DECISIONS made by the General Medical Council are “appropriate” with no evidence of bias or discrimination, according to an independent report.
The research found that case examiners balanced the need to consider the emotional stakes of complainants and practitioners with the need to take an objective and reasoned approach to gathering evidence.
However, the findings also highlighted a need for greater clarity and transparency in how decisions were reached in some instances.
The regulator commissioned researchers from Peninsula Schools of Medicine and Dentistry at Plymouth University to review fitness to practise (FtP) procedures as part of an ongoing programme of work to ensure they are “fair, consistent and robust”.
The findings, based on analysis of 187 FtP case files, were overall positive, stating: “No evidence of bias or discriminatory practices was identified, either in the GMC’s guidance and criteria documentation for decision-makers, or the sampled case files.”
The report also addressed concerns that particular demographic groups of doctors – such as those trained outside the UK – are overrepresented in FtP procedures.
No evidence was found to suggest the way the GMC operates contributes to this issue.
“Our analysis has identified no causal factors for these trends, or for those which see male doctors and black/minority ethnic (BME) doctors more likely to enter the FtP procedures and to progress further,” the report stated.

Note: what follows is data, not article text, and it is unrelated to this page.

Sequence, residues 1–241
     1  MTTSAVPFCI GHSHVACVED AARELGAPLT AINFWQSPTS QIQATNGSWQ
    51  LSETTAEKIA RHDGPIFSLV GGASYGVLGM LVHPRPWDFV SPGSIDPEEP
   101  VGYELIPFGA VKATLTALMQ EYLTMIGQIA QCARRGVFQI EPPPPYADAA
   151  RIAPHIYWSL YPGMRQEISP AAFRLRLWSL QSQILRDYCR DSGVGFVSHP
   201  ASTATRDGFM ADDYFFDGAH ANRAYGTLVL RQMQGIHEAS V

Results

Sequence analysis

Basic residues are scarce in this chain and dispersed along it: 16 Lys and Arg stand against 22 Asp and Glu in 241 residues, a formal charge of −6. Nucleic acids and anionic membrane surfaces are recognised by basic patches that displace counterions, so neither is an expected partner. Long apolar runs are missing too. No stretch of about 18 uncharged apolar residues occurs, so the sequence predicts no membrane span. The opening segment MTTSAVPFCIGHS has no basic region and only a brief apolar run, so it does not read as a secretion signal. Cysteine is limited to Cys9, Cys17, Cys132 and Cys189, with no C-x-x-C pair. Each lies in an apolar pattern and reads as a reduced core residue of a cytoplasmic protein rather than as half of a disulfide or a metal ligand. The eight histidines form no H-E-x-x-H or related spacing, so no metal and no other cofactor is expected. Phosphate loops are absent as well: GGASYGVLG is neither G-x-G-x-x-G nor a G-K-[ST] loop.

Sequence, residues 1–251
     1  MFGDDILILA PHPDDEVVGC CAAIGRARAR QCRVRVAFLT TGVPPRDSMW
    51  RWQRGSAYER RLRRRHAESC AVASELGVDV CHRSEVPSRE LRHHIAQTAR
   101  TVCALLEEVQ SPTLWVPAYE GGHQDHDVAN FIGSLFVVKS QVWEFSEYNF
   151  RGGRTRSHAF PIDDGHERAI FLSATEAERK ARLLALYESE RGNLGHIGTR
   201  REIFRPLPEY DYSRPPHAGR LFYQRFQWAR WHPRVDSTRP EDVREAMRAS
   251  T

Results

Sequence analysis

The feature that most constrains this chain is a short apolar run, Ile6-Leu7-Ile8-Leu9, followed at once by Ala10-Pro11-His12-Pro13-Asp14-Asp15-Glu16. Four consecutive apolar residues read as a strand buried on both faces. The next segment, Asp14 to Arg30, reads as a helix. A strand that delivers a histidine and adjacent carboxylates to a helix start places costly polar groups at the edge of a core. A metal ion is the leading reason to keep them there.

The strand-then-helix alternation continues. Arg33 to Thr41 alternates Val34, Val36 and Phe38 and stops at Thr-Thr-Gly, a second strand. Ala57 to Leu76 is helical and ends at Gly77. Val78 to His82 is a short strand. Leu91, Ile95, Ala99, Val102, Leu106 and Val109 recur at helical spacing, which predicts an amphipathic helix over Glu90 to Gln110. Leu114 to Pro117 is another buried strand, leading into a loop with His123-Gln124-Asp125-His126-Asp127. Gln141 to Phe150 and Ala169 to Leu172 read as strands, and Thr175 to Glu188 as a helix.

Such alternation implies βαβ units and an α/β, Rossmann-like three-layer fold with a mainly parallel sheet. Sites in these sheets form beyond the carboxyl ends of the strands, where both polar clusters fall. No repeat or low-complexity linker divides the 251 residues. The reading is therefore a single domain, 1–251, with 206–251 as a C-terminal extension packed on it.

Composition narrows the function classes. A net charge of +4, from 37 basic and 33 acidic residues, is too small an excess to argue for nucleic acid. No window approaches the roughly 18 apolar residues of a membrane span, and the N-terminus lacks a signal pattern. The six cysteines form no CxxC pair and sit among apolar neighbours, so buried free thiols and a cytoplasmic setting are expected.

It went on to state that the GMC’s approach to presenting formal charges to doctors at the rule seven stage of FtP procedures, by issuing “particulars” (the wording describing how the alleged misconduct or poor performance arose), was not found to be a source of bias or discrimination. “The particulars themselves are typically concise and very direct in style”. The report added: “There is perhaps an issue surrounding the definitions of the categories of ‘impairment by misconduct’ and ‘impairment by deficient professional performance’ but there is no known link between this issue and demographic characteristics.”
Greater clarity was recommended in the GMC’s reasoning for selecting a particular outcome. There were a number of occasions where the reasoning “was not fully explained, in reference to the relevant points in the guidance and criteria.”
Researchers also identified “informal and sometimes unrecorded aspects to decision-making which may occur in discussions between staff” which could “compromise” the defensibility of decisions, leaving them susceptible to challenge.
It was recommended the GMC justified their decisions with clear references to the relevant standards and guidance, adding: “[A]s clear and comprehensive reasoning as is possible would contribute to demonstrating that the GMC’s decision-making is careful, fair and valid.”
Read the full report here
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